Simple Git Secrets

Apps have secrets, and you don't want to accidentally put them in git. Lets try a simple approach
31st May 2022, four minutes to read

There are lots of solutions, guides, and services that help you manage your secrets in a professional, secure manner. These are absolutely the type of solution you want for your production environment.

But I’m not building services. I’m building client apps that deploy as a self-contained package. Sometimes, I’m just offering some Open Source that I include tests for, but that call a real service that needs API keys.

In both of those cases there are two constraints that matter to me:

  1. Minimal management & setup for me
  2. Let people manage their own secrets

My tactical solution isn’t magic, nor is it relevant for many services, where solutions at the top are much better suited. But it’s free and works well for my use cases (aka client apps that I open source).


  1. Create a template file that is present in the repo, but not in a path that it would be included in compilation
  2. Add the location of where it will be included in compilation to .gitignore
  3. Reference that location in your build.
    1. Be smart: Include an existence check with a friendly error message! This will identify issues quickly.
  4. Add details to your README.md telling people how to get keys & place the completed file in the right location

Preparing the way

Create a template

Firstly, we need a mechanism for representing the secrets to the consumers in your apps. e.g., offer programmatic way to access them. In my use case, it’s a file offering static members that represent the keys:

module Codevoid.Storyvoid {
    // Instapaper Tokens. Replace with tokens & IDs
    // that are issued to you for Instapapers developer
    // access: https://www.instapaper.com/main/request_oauth_consumer_token
    export var INSTAPAPER_CLIENT_ID: string = "PLACEHOLDER";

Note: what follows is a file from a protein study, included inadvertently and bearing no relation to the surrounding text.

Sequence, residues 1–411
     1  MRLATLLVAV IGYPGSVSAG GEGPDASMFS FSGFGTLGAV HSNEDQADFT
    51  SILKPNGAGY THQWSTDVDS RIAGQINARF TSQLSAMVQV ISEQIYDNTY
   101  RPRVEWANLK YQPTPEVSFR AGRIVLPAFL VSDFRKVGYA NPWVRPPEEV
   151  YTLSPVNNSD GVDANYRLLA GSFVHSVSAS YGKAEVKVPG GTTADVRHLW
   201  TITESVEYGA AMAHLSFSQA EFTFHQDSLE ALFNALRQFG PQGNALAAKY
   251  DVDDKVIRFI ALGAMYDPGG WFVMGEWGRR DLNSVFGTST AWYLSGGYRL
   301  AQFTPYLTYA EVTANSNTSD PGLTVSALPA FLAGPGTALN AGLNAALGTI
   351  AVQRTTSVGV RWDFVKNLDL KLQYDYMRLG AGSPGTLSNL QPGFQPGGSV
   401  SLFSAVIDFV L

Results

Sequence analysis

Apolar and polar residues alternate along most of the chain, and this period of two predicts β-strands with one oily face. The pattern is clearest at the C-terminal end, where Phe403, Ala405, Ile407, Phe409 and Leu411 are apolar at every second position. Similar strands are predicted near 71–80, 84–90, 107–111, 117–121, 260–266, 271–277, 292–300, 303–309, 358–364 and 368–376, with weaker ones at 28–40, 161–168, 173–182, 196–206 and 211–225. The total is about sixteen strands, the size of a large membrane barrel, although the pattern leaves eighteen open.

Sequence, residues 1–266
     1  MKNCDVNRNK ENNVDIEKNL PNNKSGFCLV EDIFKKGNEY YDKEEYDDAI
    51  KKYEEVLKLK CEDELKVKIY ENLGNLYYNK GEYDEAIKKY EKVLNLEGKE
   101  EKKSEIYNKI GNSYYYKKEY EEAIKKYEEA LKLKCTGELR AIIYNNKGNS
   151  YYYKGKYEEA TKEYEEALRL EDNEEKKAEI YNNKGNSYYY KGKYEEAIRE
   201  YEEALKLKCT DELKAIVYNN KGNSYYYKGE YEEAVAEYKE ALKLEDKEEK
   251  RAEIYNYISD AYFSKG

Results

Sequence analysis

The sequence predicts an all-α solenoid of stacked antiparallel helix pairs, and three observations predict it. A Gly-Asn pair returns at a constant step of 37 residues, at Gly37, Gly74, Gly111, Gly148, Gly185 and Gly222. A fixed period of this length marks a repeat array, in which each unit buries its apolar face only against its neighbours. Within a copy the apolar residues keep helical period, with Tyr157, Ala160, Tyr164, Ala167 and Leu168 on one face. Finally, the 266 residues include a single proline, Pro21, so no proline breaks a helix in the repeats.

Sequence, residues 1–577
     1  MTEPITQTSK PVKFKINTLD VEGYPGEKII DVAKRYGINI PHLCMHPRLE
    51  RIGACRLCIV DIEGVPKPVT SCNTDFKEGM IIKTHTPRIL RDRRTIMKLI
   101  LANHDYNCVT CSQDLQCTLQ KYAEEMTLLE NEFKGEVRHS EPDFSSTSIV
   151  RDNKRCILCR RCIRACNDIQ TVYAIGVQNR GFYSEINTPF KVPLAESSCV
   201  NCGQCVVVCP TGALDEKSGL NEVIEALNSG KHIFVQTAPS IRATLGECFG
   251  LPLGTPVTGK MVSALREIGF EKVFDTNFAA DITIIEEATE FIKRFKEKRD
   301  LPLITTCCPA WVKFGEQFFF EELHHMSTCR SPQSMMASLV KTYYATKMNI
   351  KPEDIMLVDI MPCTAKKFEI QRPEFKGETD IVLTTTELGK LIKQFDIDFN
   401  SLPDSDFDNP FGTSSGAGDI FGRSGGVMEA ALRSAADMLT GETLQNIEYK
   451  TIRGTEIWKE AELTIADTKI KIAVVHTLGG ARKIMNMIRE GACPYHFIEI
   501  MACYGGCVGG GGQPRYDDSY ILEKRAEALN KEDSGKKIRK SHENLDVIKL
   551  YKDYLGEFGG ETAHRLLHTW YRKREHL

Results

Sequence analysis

export var MIXPANEL_KEY: string = "PLACEHOLDER";


You can do this in any language, store them in a text file leveraged during build process, or read at runtime. It’s your choice!

Note, the values here are PLACEHOLDER. This is absolutely the point & intention — do not put your actual keys here. That would, you know, defeat the purpose.

You may be tempted to place this in your repo at the location that you will directly consume it — don’t do that! You don’t want this template file to be included in your compilation / build phase since it’s just a template.

Decide a location & .gitignore that location

To prevent people accidentally committing the filled-out template, you need to add the location of the filled-out file to your .gitignore file. This is what prevents the file from being committed to the repo. In my use case, I had two locations for keys app/keys.ts and test/keys.ts. I added these into my .gitignore:


Now knuckleheads like myself don’t accidentally commit the file when they’ve filled it out (As I kept doing with an earlier iteration of this pattern).

Helping people succeed

Now that you’ve got things prepared, you need to help people fall into a pit of success. You don’t want weird runtime errors when the template hasn’t been filled out — you want to know ASAP that something ain’t right.

Add details to your README.md

You have a README.md which you’ve already written super clear instructions on building-and-running. Keys without question make it less open-and-go, but you can still make it feel obvious.

Write whatever steps or details are required to obtain keys, where to place the files etc. in your README.md. You can see an example here.

Fail quickly, and clearly

Depending on your build & packaging system, there are many ways to achieve this. The general pattern is:

  1. Check file exists
  2. If it doesn’t exist fail the compilation/build/package with a clear error message

In my use case, it’s within a MSBuild project, which makes for easy declarative syntax for these situations:

Don't let people get confused with missing class names, error early if the
API key file is missing
<Target Name="CheckKeyFilePresent" BeforeTargets="BeforeBuild">
  <Error Condition="!Exists('$(MSBuildProjectDirectory)\keys.ts')"
         Text="Please create a Keys.ts in $(MSBuildProjectDirectory). See README.md for more details" />

No surprises!

For node, you can use the :pre suffix in your package.json scripts section to check if a file exists.

Wrapping up

Simple! Cheap-as-chips.

To reiterate, this is a simple solution for constrained scenarios. If you have a real service, and production tooling absolutely use a mission-critical service such as Azure Vault.